• research;
  • RAE;
  • structure;
  • discourse;
  • visibility;
  • peripherality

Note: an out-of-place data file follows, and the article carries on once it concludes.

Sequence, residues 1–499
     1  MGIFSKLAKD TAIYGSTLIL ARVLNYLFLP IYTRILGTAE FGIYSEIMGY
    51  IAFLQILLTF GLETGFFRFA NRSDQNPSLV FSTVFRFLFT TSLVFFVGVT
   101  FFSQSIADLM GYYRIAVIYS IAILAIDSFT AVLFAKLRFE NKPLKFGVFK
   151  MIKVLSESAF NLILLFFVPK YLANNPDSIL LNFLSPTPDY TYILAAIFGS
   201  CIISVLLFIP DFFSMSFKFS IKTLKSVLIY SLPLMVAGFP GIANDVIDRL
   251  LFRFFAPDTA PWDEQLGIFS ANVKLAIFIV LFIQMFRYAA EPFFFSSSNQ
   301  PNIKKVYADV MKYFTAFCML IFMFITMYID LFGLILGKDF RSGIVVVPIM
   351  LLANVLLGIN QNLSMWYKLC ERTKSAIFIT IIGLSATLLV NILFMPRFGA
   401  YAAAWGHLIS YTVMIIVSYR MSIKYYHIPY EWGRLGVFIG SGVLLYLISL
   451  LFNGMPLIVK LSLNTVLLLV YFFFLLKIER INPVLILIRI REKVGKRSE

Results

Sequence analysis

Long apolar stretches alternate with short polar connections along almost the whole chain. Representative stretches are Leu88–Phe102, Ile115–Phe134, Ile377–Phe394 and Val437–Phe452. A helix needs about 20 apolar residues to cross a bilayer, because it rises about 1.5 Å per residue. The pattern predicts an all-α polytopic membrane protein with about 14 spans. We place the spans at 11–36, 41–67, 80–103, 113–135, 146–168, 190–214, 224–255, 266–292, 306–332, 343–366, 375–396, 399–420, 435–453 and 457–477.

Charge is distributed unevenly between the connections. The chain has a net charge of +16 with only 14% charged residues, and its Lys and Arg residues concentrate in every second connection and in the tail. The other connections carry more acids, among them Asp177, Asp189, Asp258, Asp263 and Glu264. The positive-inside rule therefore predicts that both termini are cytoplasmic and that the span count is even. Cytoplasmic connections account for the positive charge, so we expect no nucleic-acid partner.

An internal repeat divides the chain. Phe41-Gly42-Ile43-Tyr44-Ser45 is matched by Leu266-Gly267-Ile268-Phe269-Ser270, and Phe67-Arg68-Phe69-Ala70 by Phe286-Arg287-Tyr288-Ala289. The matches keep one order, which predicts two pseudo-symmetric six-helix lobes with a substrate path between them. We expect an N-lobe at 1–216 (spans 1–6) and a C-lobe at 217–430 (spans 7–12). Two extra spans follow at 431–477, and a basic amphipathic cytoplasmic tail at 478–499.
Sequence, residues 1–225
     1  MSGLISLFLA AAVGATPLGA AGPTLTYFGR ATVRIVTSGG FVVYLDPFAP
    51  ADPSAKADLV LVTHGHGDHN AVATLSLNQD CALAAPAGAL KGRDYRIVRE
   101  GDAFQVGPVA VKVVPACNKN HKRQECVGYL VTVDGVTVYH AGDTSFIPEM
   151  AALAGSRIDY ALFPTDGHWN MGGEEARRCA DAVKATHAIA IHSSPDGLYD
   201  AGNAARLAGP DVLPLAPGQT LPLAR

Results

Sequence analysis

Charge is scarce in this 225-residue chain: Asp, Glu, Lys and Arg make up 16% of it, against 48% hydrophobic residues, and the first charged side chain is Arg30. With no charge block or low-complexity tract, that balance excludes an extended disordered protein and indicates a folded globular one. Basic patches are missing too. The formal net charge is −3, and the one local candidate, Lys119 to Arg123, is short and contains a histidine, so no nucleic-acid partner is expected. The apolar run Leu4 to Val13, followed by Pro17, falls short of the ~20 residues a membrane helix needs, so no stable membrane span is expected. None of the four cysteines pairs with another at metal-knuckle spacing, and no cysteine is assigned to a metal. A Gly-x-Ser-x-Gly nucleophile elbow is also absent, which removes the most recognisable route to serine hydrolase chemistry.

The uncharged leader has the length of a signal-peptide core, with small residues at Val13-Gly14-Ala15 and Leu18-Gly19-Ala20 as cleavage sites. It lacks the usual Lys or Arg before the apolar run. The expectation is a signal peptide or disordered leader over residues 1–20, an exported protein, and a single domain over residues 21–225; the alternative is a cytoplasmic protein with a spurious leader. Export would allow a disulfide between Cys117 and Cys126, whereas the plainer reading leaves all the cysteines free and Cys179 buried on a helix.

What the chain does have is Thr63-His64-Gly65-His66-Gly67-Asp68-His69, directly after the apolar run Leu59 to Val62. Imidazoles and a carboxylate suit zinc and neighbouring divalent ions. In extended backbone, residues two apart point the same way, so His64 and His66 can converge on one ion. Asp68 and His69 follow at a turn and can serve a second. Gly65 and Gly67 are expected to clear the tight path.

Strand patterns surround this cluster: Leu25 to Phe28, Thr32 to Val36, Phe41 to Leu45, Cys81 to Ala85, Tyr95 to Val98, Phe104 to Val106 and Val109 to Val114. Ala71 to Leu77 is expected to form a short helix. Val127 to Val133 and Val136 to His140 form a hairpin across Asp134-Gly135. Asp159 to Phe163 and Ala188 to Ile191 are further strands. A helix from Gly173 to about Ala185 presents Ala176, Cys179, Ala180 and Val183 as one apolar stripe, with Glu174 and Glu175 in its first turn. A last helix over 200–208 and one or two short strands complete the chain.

Whereas those working on the inside of tourism generally feel that tourism research is making good progress, the 2001 Research Assessment Exercise (RAE) in the UK offered an outsiders' assessment of UK tourism research that was less benign. This paper examines the results and consequences of the RAE based on an examination of the submissions made by UK higher education institutions. It describes the position of tourism in the RAE and focuses on three key issues—structure, outcomes and visibility. It invokes Kuhnian and Foucauldian perspectives to foreground hidden consequences of the RAE (termed RAE-ification by the author) that threaten the development of UK tourism research. The article concludes that tourism research, finding itself on the periphery of UK research, faces similar problems to those faced by peripheral tourism regions. Copyright © 2003 John Wiley & Sons, Ltd.